Consumers are more interested in vehicle safety, and the good news for suppliers and auto makers is that meeting such demands won't necessarily mean added costs.
A survey by RDA Group Global Market Research & Consulting identified 87 safety features buyers would like to have in their next car or truck, Jim Thomas, senior vice president, says at the Ward's Auto Interiors Show in Detroit last month.
Safety technology trailed only convenience features in the number of wish-list items identified by some 8,163 new-vehicle owners polled late last year.
Of the more than 500 customer needs identified, No.2 in the ranking was a desire for vehicle cabins to protect occupants from every angle in the most violent of collisions.
“Why can't our vehicles provide as much occupant protection as we see on TV with some of the violent car crashes during NASCAR races?” one survey respondent asked.
Buyers also want confidence that doors and windows won't become inoperable in a collision, leaving them trapped.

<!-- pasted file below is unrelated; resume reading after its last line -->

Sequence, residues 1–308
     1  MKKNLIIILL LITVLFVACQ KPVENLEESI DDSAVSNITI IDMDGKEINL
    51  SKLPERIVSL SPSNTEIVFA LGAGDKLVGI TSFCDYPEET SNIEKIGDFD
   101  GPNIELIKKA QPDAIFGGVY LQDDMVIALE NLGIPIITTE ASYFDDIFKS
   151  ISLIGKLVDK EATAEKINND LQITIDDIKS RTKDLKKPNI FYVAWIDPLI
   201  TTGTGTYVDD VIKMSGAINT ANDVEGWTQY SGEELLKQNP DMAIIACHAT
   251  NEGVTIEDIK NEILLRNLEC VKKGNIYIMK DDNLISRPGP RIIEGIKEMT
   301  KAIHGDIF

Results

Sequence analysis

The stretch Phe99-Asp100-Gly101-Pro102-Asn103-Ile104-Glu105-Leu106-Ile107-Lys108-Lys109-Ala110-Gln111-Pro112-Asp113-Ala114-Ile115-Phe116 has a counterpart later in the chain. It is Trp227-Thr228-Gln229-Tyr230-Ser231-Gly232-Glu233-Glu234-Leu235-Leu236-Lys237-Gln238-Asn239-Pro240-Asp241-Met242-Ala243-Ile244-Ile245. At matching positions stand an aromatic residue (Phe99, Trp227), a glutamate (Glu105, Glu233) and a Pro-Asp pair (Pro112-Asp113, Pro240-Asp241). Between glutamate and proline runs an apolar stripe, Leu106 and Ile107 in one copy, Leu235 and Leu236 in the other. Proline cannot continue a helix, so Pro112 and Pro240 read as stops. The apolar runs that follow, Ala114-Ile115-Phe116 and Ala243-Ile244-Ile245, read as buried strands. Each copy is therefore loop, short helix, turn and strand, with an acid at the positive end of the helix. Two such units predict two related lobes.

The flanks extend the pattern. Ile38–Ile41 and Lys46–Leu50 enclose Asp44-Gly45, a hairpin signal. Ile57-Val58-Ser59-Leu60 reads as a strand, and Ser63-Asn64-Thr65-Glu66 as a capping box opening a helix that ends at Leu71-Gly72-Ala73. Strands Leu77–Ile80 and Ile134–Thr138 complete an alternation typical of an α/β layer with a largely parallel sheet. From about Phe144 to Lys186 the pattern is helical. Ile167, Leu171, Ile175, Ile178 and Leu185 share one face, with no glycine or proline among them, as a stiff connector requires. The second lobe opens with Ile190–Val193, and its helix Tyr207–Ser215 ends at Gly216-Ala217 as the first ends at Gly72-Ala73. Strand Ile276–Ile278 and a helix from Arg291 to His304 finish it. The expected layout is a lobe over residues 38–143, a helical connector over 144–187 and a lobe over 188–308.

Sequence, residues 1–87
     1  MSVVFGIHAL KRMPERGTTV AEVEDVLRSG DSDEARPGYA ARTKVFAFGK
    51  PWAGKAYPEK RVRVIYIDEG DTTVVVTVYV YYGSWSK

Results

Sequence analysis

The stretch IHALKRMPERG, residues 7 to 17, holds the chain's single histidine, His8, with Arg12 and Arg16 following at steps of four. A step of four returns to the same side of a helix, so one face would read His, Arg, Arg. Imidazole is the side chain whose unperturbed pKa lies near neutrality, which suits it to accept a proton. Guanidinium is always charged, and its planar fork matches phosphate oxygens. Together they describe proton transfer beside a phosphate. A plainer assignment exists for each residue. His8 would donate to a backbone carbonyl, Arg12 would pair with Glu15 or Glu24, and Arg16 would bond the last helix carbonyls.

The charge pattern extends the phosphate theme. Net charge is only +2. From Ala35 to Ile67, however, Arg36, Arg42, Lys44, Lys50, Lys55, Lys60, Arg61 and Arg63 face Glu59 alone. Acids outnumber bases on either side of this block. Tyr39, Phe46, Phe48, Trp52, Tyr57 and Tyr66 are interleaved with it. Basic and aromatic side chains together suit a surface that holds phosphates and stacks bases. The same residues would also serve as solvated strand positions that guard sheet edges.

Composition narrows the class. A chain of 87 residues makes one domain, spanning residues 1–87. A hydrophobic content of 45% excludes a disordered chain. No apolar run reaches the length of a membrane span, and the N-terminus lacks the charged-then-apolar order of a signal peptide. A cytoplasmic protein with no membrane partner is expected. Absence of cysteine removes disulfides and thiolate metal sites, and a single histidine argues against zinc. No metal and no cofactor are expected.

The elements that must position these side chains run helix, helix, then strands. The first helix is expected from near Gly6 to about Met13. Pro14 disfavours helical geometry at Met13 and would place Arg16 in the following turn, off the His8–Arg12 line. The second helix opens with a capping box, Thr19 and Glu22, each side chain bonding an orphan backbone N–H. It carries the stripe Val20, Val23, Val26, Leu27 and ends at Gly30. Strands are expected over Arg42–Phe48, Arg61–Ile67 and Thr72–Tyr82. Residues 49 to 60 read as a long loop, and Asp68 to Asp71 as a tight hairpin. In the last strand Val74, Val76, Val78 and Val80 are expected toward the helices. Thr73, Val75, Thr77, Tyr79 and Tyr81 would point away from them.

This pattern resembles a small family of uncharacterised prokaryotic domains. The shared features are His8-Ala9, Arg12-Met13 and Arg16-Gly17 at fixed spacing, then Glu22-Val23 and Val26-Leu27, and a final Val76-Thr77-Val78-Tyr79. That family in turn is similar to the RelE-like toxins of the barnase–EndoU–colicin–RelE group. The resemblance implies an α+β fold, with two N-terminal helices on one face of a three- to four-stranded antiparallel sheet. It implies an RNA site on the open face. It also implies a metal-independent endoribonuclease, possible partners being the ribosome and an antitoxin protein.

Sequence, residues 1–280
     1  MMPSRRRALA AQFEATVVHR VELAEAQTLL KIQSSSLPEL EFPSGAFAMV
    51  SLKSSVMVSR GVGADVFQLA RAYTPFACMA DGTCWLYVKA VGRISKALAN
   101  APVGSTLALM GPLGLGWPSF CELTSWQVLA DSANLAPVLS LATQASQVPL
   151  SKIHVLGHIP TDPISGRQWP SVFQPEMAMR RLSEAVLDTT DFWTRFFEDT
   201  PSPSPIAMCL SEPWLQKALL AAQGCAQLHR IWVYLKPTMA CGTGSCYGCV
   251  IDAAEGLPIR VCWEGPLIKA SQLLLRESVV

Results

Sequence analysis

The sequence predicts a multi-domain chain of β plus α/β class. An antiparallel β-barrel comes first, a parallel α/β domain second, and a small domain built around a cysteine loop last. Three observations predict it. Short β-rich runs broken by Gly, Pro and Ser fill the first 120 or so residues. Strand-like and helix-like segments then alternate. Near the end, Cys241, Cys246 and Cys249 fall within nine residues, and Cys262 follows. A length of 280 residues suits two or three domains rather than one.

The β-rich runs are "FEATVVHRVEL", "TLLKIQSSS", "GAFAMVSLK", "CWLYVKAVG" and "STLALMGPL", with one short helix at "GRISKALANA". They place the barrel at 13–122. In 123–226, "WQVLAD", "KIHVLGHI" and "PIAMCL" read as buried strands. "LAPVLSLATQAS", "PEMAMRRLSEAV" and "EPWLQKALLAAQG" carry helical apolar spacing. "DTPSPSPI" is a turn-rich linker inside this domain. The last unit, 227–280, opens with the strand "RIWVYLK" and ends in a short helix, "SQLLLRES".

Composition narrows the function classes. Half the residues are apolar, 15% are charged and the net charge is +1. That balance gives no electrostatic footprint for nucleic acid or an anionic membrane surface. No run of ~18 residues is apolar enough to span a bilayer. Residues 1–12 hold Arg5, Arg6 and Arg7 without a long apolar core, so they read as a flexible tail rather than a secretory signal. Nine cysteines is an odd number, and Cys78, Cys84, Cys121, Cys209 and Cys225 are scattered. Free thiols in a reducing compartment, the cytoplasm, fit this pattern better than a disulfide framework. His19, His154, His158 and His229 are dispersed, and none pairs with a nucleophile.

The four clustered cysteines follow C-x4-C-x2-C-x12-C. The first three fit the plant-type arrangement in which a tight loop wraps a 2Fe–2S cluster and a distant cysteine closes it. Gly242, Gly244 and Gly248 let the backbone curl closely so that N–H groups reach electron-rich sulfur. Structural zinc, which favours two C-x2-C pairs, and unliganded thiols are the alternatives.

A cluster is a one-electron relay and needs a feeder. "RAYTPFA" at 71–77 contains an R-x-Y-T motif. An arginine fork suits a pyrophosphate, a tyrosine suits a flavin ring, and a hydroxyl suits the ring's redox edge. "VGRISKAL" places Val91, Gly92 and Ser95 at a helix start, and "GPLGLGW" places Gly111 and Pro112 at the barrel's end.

Minivan and cross/utility vehicle owners are among the most highly focused on child safety, Thomas says. Many of those surveyed asked for glass that won't shatter and injure occupants in a collision; warnings if rear passengers unbuckle their seatbelts; and alerts if child seats are improperly secured.
Consumers also are more open to active safety systems that would, say, take over braking control when a collision appears imminent.
“We've seen a major shift in this since 2003,” Thomas says. “People are much more receptive to their vehicles being proactive. Previously, people wanted to control everything themselves; they though they were quicker. That has changed.”
Making the wish list top 100 are seatbelts that automatically adjust to the occupant's height and weight.